Dungeon Master: The corridor ends at a closed wooden door.
Thief: I approach the door quietly, all the while searching for traps.
DM: [The sound of dice rolling.] You don’t detect any traps.
Thief: I listen at the door for any sounds?
DM: High pitched voices utter an ugly guttural tongue, goblins.
Thief: I alert the party and then quietly try to open the door.
DM: The door is locked.
Thief: I attempt to pick the lock.
DM: [More dice rolling is heard.] The lock springs open with an audible click and the voices inside fall silent.
Thief: I throw open the door, draw my dagger and then tumble into the room.
Warrior: I draw my broadsword, raise my shield and rush in after the thief.
Elf Ranger: I notch an arrow and draw my bow.
Wizard: I prepare to cast the spell, Magic Missile.
DM: Inside the room you all see several goblins seated around a large wooden table. It looks like you’ve interrupted them, while they were playing some sort of dice game. Also scattered across the table are pieces of paper and the occasional miniature figure. They all seemed surprised, but I still want everyone to roll for initiative. [The sound of dice rolling ensues.]
Anyone who has ever played Dungeons and Dragons will recognize the previous excerpted dialog as an example of play from that game. Millions of people have played the game. This month, D&D turns forty. One of the most defining games of my life, this game is now officially middle-aged. I was there at the first, in 1974. Well really the summer of ’75, but I did thumb the rules of Chainmail, one of the ancestors of D&D, even earlier than all of that. I think that after forty years, this all qualifies me as an early adopter.
When I lived in Ann Arbor, I role-played with my war-gaming buddies, but when I moved to Saint Louis similar buddies were hard to find. So, I decided to breed my dungeon crawling party. This worked out quite well. Dan and Dave still dabble with the game and will likely purchase D&D 5th edition, when it comes out this summer. Their paired initials even match those of the game!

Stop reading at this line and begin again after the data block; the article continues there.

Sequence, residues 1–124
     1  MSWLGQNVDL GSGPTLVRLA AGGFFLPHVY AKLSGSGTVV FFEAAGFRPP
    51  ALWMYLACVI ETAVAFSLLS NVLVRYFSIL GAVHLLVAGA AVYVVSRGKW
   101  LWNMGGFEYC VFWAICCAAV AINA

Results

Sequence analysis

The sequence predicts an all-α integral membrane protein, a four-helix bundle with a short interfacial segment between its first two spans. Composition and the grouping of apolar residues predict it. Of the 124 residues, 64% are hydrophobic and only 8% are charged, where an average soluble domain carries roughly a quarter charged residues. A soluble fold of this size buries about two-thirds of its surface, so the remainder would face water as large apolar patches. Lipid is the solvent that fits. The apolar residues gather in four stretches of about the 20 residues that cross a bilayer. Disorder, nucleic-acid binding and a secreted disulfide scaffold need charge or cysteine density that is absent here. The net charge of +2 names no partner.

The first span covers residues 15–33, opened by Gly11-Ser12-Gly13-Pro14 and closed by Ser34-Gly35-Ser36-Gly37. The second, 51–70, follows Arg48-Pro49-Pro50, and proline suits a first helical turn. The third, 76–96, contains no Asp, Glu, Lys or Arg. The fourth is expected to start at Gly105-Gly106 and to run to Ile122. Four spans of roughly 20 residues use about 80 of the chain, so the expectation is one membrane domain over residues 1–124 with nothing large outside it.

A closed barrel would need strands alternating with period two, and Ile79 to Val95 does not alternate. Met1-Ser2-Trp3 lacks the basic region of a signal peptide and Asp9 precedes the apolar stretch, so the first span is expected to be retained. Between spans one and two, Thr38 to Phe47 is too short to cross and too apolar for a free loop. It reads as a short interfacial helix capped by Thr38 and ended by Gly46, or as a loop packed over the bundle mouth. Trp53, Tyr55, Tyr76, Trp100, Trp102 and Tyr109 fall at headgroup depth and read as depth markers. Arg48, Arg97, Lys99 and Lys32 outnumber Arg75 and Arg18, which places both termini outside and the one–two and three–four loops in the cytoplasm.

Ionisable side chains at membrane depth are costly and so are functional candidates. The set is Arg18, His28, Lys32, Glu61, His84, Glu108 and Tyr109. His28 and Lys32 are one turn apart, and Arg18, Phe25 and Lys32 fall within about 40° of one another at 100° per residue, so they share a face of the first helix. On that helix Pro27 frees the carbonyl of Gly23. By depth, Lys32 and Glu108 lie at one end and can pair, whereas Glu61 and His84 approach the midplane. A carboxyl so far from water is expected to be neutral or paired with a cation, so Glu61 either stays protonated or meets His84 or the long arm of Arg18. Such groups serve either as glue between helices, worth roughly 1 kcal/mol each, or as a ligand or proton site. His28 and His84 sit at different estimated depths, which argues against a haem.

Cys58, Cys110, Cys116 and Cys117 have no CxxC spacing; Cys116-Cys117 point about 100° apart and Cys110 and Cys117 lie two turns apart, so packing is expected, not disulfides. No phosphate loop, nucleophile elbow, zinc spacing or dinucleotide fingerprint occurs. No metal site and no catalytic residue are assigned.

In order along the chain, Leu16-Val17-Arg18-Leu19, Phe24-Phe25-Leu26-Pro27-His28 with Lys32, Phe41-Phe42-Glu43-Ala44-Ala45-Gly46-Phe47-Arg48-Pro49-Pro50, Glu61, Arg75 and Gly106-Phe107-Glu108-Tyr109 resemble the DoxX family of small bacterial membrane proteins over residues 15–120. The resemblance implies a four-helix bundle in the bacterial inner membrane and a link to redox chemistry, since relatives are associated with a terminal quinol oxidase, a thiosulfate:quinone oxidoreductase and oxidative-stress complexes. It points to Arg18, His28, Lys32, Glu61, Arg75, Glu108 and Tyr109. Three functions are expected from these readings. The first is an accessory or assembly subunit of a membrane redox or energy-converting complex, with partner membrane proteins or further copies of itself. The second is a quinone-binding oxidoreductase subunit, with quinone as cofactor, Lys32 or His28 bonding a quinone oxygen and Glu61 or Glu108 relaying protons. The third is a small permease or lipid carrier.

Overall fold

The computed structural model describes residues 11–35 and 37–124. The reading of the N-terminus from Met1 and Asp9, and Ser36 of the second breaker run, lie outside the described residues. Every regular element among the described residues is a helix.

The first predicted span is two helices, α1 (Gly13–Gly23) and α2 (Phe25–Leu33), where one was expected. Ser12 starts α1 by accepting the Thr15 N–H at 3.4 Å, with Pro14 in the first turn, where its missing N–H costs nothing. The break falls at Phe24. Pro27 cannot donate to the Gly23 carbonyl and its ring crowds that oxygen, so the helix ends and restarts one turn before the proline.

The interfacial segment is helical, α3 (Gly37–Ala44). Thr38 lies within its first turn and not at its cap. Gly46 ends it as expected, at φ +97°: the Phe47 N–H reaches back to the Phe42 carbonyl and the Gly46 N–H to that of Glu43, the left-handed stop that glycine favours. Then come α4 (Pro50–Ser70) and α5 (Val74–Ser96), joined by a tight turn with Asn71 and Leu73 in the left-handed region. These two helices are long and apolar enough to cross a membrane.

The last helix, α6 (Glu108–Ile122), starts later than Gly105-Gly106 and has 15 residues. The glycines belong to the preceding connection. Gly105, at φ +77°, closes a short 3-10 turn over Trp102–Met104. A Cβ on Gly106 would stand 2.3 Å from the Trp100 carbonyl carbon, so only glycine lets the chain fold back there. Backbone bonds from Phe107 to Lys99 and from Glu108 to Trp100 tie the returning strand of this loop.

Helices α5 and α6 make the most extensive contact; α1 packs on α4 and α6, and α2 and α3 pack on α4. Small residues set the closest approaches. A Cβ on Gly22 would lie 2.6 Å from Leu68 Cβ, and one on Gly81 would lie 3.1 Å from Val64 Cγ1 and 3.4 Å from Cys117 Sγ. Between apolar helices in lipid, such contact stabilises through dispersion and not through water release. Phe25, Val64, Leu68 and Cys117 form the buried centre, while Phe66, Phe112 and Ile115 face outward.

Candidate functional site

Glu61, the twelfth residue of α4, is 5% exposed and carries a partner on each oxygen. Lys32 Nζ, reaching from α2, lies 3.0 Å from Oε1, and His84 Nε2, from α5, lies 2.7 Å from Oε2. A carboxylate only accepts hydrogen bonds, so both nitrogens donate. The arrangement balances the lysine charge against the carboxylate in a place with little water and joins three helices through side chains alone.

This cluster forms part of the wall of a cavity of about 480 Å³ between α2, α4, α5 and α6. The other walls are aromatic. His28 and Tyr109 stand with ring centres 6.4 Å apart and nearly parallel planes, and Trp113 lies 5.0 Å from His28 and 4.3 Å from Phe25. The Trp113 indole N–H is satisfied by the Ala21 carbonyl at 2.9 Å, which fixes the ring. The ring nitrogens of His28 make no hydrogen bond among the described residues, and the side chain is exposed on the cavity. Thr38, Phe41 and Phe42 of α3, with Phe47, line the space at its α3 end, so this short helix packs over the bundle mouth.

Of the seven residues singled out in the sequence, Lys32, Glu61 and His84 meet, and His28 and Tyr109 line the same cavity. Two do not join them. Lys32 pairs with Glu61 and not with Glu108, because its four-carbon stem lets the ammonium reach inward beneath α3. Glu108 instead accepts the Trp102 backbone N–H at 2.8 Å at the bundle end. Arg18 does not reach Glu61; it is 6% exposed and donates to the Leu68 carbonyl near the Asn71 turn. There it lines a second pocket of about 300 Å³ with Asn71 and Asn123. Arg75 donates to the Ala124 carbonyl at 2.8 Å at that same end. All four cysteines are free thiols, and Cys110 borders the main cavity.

I’m not an active player now, but this summer’s reboot does offer an opportunity to revisit it. Mainly now, because the game has been a part of my life for so long, aspects of it have crossed over into everyday life. For example, the mound of clothes that semi-permanently sits on our bedroom, waiting to be folded, is known as the Shambling Mound, a classic D&D monster. Another creature that sometimes appears, also due to poor housekeeping habits, is the Gelatinous Cube, usually found at the back of our frig. Need I say more?
I’ve gotten my geek on here, but Dungeons and Dragons has influenced more than just me. It has spawned a billion dollar video game industry. It has also created a cottage industry in D&D parodies. TV shows like the Big Bang Theory and Community have dipped into this well, but the most fan-tastic of these tributes reside on YouTube. This video is one of the more loving. Besides SJ Tucker, the other cast members are The Gamers, who do many D&D parodies.